Comic, superhero and anime fans from Botswana, Zambia, Zimbabwe and Nigeria and beyond flocked to Africa’s first Comic-Con in South Africa, managing director of the event’s organizer Reed Exhibitions, Carol Weaving, said.
“We have brought Comic-Con to the African continent for the first time and it is hugely exciting,” Weaving told AFP. “We have been trying for five years to get it here. It is long overdue. There is a huge culture here wanting this, ranging from comic book artists and gaming and ‘cosplay’ (costume play) -- so many people are dressed up.”
Hundreds of fans decked out as iconic and beloved characters, such as mother of dragons and Captain America, from both film and television at the inaugural Comic Con Africa which began Friday.
“Growing up as a black child we are bombarded with mainstream media, whether that be movies or comic books, that have white people. To not see yourself, is diminishing,” Zimbabwean-born comic artist, Bill Masuku, said.
“I would like to push the narrative that black people can be superheroes without being sidekicks,” added Masuku, who has a black female superhero as the protagonist in one of his comics. Masuku said the event gives people the chance to learn more about locally produced comics and compete with Hollywood’s dominance.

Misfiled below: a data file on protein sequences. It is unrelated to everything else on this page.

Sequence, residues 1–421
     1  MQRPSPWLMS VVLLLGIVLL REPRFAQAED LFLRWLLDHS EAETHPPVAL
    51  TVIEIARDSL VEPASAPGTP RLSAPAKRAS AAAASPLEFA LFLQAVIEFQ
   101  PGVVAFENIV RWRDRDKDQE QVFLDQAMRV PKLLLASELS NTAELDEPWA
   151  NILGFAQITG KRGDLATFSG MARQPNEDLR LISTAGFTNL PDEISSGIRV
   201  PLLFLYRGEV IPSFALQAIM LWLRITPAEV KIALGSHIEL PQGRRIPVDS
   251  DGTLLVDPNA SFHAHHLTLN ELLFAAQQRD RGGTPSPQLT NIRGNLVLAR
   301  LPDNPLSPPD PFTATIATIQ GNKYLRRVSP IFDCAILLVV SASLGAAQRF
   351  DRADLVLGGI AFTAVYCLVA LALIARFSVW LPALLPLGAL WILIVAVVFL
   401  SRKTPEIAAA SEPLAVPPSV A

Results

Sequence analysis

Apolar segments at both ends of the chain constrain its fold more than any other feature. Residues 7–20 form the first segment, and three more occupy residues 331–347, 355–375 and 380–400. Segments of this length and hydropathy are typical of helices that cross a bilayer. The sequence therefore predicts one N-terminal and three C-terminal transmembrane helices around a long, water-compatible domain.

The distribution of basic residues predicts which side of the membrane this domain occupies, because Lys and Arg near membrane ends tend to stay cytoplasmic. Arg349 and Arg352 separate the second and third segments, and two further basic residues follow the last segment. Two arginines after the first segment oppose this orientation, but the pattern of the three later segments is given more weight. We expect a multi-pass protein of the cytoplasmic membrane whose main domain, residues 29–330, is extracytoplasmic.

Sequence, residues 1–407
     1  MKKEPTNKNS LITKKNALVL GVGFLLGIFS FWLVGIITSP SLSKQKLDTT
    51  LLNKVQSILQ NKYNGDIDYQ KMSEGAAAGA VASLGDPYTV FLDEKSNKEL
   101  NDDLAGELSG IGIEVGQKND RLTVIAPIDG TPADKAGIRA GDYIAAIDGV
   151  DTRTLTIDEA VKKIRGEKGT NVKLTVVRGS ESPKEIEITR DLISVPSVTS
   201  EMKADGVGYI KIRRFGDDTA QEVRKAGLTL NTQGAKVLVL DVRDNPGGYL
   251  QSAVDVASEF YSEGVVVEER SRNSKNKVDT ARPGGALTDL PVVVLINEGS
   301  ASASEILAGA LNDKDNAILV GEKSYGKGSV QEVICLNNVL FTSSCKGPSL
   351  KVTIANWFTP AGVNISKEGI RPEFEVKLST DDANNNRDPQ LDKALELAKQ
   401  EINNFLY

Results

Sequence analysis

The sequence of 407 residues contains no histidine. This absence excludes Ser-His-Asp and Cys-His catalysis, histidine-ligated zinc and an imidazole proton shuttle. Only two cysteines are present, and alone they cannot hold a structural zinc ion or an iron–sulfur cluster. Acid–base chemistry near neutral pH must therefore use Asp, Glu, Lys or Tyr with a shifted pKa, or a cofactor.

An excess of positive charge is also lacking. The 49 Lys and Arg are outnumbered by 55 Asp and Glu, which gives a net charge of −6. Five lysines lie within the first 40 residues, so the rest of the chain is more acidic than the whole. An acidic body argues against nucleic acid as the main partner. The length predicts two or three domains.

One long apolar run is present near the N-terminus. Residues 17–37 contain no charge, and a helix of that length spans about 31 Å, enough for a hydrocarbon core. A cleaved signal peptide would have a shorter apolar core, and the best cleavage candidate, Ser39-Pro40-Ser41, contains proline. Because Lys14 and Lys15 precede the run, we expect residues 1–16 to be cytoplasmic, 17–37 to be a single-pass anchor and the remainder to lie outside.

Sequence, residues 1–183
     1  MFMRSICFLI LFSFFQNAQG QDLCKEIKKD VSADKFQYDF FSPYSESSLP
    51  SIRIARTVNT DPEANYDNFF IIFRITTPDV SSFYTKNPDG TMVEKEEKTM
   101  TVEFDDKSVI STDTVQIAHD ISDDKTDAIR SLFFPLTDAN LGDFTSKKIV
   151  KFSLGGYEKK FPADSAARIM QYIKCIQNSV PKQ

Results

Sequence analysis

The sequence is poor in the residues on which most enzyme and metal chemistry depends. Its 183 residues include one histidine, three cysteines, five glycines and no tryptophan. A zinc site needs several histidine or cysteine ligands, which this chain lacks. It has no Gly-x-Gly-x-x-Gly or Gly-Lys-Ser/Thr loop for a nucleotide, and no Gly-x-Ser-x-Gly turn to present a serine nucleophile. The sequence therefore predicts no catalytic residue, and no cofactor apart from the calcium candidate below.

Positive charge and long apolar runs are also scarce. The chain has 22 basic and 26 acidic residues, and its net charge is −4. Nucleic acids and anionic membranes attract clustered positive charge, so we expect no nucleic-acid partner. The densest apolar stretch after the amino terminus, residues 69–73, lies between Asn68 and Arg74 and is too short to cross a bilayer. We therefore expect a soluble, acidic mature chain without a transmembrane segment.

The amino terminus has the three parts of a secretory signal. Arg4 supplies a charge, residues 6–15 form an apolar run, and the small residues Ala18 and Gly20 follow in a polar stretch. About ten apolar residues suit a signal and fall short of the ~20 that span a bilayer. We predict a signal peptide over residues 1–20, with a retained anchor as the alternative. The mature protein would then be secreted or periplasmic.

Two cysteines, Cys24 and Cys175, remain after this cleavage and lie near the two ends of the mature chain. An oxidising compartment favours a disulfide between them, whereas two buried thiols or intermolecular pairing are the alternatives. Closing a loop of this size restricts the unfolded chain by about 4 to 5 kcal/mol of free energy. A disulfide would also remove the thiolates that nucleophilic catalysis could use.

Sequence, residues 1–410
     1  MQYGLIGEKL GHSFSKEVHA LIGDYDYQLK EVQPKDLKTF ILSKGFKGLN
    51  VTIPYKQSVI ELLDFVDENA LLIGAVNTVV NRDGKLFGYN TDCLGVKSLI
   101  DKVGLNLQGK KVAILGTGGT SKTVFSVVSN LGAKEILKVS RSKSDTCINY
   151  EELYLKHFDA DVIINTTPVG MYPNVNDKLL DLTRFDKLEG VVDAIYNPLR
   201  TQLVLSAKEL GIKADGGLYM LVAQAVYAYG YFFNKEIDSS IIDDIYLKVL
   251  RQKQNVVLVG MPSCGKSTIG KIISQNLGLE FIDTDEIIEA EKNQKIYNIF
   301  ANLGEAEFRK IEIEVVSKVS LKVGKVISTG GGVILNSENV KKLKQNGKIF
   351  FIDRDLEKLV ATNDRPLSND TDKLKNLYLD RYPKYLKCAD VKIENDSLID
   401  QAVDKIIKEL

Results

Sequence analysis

On Friday, costumed patrons played video games and shopped for merchandise in a convention center north of Johannesburg.
“We are here to just have fun,” Chris Smithard, a market researcher dressed as Aquaman, explained. “For ‘cosplay’ this is a big social gathering. It gives the entire community a much bigger platform and exposure.”
Tickets for Saturday and Sunday of the three-day event were sold out several weeks in advance, according to Weaving, who stated: “It is a complete sell-out and fans have been desperate to come.”
About 18,000 patrons are expected to flock to the venue daily.
The convention includes costume competitions, all-night gaming tournaments, video game launches and virtual reality experiences, as well as appearances by film and TV stars, artists and designers. The international guests included Kevin Sussman from “The Big Bang Theory” and Travis Fimmel from “Vikings.”
"I'm so sorry I couldn't make it," Mackie told fans in a video message. "With all the weather, traveling across the Atlantic — it kind of pushed my plans back a little bit." The event organizer assured fans who bought autograph sessions and photo ops with the actor that refunds or swap tickets for another celebrity guest will be arranged.
The Reed Exhibitions representative also added that the event organizer expects to expand the event beyond South Africa in the future.
Comic-Con started in 1970 when a group of science fiction fans in San Diego got together to swap comic books.